173 F.Supp. 590 (S.D.N.Y. 1959), Blau v. Lehman

Citation:173 F.Supp. 590
Party Name:Isadore BLAU, a stockholder of Tide Water Associated Oil Company, suing on behalf of himself and all other stockholders similarly situated and on behalf of and in the right of Tide Water Associated Oil Company, Plaintiff, v. Robert LEHMAN et al., a co-partnership, doing business under the firm name and style of Lehman Brothers, Joseph A. Thomas and
Case Date:May 22, 1959
Court:United States District Courts, 2nd Circuit, Southern District of New York
 
FREE EXCERPT

Page 590

173 F.Supp. 590 (S.D.N.Y. 1959)

Isadore BLAU, a stockholder of Tide Water Associated Oil Company, suing on behalf of himself and all other stockholders similarly situated and on behalf of and in the right of Tide Water Associated Oil Company, Plaintiff,

v.

Robert LEHMAN et al., a co-partnership, doing business under the firm name and style of Lehman Brothers, Joseph A. Thomas and Tide Water Associated Oil Company, Defendants.

United States District Court, S.D. New York

May 22, 1959

Page 591

Morris J. Levy, New York City, for plaintiff.

Simpson, Thacher & Bartlett, New York City, for defendants Lehman Bros. and Joseph A. Thomas, Cyrus R. Vance, Robert S. Carlson, New York City, of counsel.

Leve, Hecht, Hadfield & McAlpin, New York City, for defendant Tide Water Associated Oil Co.

DAWSON, District Judge.

This is an action based upon § 16(b) of the Securities Exchange Act of 1934, 15 U.S.C.A. § 78p(b), 1 in which plaintiff, a

Page 592

shareholder of defendant Tide Water Associated Oil Company (hereinafter called 'Tide Water'), seeks an accounting by defendants other than Tide Water of certain profits realized from alleged purchases and sales of securities within a period of less than six months.

This action was tried by the Court without a jury and the following are the findings of fact of the Court:

At all material times the securities of defendant Tide Water were registered on the New York Stock Exchange. Defendant Joseph A. Thomas was, at the time of the transactions here involved, a director of Tide Water and also a member of a partnership doing business as Lehman Brothers. In 1954 under the partnership agreement Thomas was entitled to receive 4% of the first 47.05% of the profits and 1.85% of the remaining 52.95% of the profits. In 1955 he was entitled to receive 4% of the first 44.05% of the profits, plus 1.85% of the remaining 55.95%.

In 1954, at the age of 76, defendant John Hertz, then a partner of Lehman Brothers, resigned his directorship of Tide Water. After resigning he spoke with Mr. Staples, President of Tide Water, and recommended defendant Thomas as a prospective director of Tide Water. Hertz then asked Thomas whether he would like to become a director of Tide Water and Thomas said that he would. Mr. Thomas was then introduced to Mr. Staples at the home of John Schiff, a friend of Mr. Thomas and a partner of Kuhn, Loeb & Company. Staples and Thomas then met several times, culminating in Staples asking Thomas if he would like to be a director. The invitation to join the Tide Water Board was upon the initiative of Tide Water. Thomas accepted the directorship because of his interest in the oil business and because of the prestige factor in serving on the Board of a large corporation.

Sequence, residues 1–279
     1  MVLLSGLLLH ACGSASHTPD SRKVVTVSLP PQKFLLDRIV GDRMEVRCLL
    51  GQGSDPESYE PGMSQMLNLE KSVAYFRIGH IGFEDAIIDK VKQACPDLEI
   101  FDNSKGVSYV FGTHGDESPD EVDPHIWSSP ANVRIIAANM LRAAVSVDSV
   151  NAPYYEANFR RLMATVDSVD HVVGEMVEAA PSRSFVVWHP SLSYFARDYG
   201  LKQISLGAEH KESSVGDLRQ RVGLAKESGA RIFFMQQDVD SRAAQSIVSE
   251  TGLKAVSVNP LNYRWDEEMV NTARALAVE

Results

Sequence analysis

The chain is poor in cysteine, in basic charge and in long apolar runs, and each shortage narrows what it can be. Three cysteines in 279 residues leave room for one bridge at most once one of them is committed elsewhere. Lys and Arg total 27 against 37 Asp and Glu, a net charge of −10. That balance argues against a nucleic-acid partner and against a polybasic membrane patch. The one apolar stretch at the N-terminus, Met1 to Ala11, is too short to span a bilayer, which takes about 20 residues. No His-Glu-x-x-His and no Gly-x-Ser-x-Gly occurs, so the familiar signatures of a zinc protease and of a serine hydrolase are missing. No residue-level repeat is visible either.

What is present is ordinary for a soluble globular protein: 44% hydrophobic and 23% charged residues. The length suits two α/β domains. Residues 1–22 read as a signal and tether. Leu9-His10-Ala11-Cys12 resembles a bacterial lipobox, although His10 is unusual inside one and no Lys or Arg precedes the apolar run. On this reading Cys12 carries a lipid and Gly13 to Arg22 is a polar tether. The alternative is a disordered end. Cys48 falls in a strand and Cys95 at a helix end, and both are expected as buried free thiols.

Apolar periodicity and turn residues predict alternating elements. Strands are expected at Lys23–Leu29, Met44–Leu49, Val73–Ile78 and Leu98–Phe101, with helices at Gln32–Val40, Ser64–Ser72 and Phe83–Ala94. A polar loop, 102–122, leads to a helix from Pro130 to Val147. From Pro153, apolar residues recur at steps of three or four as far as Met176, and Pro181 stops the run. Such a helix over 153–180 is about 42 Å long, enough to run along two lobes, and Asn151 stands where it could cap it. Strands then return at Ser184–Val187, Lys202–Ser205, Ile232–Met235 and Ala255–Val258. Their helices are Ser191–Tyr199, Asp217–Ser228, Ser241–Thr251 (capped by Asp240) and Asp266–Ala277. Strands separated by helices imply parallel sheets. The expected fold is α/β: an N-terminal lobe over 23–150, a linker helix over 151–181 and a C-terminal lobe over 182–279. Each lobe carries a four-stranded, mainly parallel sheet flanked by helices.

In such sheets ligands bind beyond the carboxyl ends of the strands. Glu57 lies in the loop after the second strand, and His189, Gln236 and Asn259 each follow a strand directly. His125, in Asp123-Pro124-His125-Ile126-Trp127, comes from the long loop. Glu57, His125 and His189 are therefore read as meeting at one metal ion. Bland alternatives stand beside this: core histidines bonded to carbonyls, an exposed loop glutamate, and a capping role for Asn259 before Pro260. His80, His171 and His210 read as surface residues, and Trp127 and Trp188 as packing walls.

Between October 8, 1954 and November 15, 1954, the partnership, Lehman Brothers, purchased in the regular course of its business 50,000 shares of Tide Water common stock at an aggregate cost of $1,330,800. The purchase of these shares by Lehman Brothers was made at the direction of the partners constituting the investment committee of the firm, of which Thomas was not a member, and he was not consulted by his partners as to the proposed plan of recapitalization of Tide Water, or with reference to any of the affairs of Tide Water, except to say to them that he believed it was a good company under good management. The Court finds as a fact that the stock of Tide Water was bought and sold by Lehman Brothers without any advice or concurrence of Thomas, or without his knowledge until after the transactions had taken place.

Pursuant to a plan of recapitalization, Lehman Brothers exchanged its 50,000 shares of common stock on December 8, 1954 for 50,000 shares of a new preferred stock issued by Tide Water. Between December 9, 1954 and March 8, 1955, Lehman Brothers sold its 50,000 shares of preferred stock realizing in the aggregate the sum of $1,361,186.77. Lehman Brothers' purchases of Tide Water common stock were made upon the basis of two articles published in the Wall Street Journal. The first of these articles appeared on September 17, 1954. In it Tide Water announced that it was considering a proposal to allow shareholders to exchange common stock for a new...

To continue reading

FREE SIGN UP